You can find ready-made Bhel Mix in Indian grocery stores/supermarkets all around the world. You'll need to add tomatoes, onions and potatoes and mix in the sauces given. This makes a great travel companion, especially for vegetarians traveling to places where you wouldn't find good variety of veg food easily or you're short of time or where food is too expensive!


    I dared to make my first attempt with Bhel Puri (from scratch) just 2 days after getting married. My mom-in-law was very supportive and made sure it came out well. And yes, everyone loved it :) Bhel Puri is very special to me for another reason - it was the first 'meal' we had together on our first 'date' ;)

    The recipe is from my chithi from whom I also learnt recipes like Cutlet, Baingan Bartha, Stuffed Baingan.

    Getting the chutneys ready is the most time-consuming part. Let's get started...

    Sweet n Tangy Chutney (Meeta chutney for Chaat) :

    You'll need -

    Tamarind(de-seeded) - a small lemon sized ball [OR Use 1.5 tbsp of tamarind paste]
    Dates(de-seeded) - 6 to 8 nos.
    Jaggery - 2 to 3 tbsp
    Raisins - about 10 nos.
    1/4 tsp of red chilli powder 
    1/4 tsp of jeera powder 
    1/4 tsp of garam masala/kitchen king
    A pinch of salt

    Pressure-cook all the above together with just enough water to immerse. (Remove strands from around the tamarind and filter off parts of seeds, if any). Once ready to take it out of the cooker, grind them to a thick solution while it's still warm. If you find it too watery, boil the solution and let it thicken. I store mine in the freezer ; it stays good for a week to 10 days.

    Voila! That's your meeta chutney. It would be almost chocolatey in color because of the ingredients' coming together.



    Mint n coriander chutney (Spicy green chutney for Chaat and Sandwich) :

    You'll need -

    Pudina/Mint leaves - 10 to 12 leaves (Don't add too many, the flavor will be too over-powering!)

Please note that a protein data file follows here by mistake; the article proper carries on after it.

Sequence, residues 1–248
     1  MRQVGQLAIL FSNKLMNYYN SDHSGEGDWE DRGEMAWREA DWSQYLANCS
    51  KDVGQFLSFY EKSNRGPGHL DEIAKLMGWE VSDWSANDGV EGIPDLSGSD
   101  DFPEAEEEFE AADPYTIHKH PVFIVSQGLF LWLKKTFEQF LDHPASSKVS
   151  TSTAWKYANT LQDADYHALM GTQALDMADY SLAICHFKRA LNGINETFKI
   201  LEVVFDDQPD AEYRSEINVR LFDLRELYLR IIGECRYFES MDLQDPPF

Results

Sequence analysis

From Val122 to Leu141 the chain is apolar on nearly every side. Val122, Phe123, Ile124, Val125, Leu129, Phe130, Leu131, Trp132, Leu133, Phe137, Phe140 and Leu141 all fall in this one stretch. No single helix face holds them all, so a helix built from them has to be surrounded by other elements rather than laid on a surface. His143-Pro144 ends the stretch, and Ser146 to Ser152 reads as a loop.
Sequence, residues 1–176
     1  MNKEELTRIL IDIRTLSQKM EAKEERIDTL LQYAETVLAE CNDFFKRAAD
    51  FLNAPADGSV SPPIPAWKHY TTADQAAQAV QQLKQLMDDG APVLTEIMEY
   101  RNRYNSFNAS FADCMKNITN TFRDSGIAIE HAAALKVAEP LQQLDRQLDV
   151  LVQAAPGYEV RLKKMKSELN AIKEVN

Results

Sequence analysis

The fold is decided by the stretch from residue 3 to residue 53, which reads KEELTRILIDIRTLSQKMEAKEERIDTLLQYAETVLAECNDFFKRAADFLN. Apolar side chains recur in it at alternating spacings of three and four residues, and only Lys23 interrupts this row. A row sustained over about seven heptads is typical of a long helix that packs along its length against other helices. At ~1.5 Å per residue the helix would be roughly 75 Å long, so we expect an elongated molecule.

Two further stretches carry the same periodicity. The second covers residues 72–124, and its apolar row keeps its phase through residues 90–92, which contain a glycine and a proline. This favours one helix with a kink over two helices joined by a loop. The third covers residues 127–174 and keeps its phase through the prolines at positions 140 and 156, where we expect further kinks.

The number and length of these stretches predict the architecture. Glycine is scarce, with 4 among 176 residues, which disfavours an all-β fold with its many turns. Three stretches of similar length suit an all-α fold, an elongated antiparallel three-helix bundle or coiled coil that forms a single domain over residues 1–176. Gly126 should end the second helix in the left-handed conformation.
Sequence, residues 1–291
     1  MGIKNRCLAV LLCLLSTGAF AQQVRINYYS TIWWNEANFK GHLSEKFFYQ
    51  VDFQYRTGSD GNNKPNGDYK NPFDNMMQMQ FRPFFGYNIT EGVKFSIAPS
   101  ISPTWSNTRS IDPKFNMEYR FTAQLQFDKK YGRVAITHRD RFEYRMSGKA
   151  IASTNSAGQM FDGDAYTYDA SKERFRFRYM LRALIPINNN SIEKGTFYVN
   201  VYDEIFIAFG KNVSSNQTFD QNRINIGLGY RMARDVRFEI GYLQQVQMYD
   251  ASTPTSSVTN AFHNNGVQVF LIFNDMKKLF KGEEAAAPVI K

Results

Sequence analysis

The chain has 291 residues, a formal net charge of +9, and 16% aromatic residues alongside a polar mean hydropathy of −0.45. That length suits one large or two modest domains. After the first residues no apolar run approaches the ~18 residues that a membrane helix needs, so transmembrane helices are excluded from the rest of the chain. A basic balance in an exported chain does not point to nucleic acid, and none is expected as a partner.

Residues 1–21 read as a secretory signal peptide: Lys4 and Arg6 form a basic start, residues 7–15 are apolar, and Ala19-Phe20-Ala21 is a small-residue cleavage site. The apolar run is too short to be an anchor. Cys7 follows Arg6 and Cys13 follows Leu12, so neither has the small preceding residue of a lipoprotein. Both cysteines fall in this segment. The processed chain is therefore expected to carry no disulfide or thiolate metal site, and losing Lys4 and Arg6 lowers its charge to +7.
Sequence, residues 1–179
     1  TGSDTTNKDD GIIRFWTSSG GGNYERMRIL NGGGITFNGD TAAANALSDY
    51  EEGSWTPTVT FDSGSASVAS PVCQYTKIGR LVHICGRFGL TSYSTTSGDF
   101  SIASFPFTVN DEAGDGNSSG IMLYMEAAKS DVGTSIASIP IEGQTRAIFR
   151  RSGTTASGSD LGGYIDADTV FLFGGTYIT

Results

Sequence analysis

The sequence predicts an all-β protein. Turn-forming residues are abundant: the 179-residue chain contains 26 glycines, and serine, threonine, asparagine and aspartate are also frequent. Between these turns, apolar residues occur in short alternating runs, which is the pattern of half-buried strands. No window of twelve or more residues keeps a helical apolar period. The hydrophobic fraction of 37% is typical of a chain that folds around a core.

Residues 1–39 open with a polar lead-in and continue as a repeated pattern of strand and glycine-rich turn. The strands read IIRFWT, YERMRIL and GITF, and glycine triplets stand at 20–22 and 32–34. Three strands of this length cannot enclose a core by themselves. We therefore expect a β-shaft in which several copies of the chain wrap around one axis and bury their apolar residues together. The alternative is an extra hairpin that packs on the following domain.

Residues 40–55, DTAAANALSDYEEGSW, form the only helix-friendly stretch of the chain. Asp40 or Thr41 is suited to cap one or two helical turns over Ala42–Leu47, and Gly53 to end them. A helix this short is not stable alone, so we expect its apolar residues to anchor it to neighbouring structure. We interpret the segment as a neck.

Coriander leaves/Cilantro - 1 small bunch (see picture)
    Garlic - 3 pods
    Shallots (Small onion) - 4 nos ==> Roast slightly with a drop of oil and then grind to avoid the raw smell of onion
    Green chillies- 3 to 4
    Cumin powder - 1/4 tsp
    Chaat Masala - 1 tspHing/Asafoetida - a pinch
    Sugar - 1/4 tsp
    Salt - to taste (roughly 1/3 tsp)

    Remember to discard the stalks from mint and use only the leaves. Grind these to a fine paste by adding water, little by little. You should get a rather thick solution. Store it in the freezer as well. Add water as needed for using in Chaats on the day of using. For Sandwiches, the thick chutney can b spread as such.


    Assembling the Bhel Puri :

    You'll need -

    Puffed rice - 400 g
    Puris - 10
    Boiled potatoes - mashed - 1 and a half
    Chopped tomatoes - 2
    Chopped onion - 1
    Chopped coriander leaves - to garnish
    Thin Sev (Omapodi) - 200 g
    Chaat masala - 1 tsp

    • Take a plate/bowl and fill in some puffed rice. You may toast it for 3-4 minutes for a better texture and crispier taste.  Break n add puris to it. Puris are nothing but spiced flour paste flattened and fried. It usually comes with the Bhel mix. If you don't find this, add what you find - I have tried adding Corn puffs and Cheezels' cheese balls and they blend well too :)

    • Now, add chopped onions, tomatoes, boiled & mashed potatoes. Sprinkle some chaat masala over it.

    • Now add the mint-coriander chutney and the tamarind chutney in the proportion your family loves! That's the flexibility with Bhel Puri :)

    • Finally, add plenty of thin sev (oma podi) and garnish with chopped coriander leaves :) Toss everything together gently and serve immediately!

    Tip : Don't mix everything in advance, else the puffed rice will get soggy. 

    Notes :  'Sev' can be made by mixing besan and rice flour in 4:1 ratio, making a tough dough with salt, chilli powder, hing with a little ghee and of course, some Omam (ajwain in Hindi) and pressing it in the mould over hot oil to get those deep-fried thin noodles. However, you can buy a 500 g pack at any Indian store for $3 or less :)


    Related Posts Plugin for WordPress, Blogger...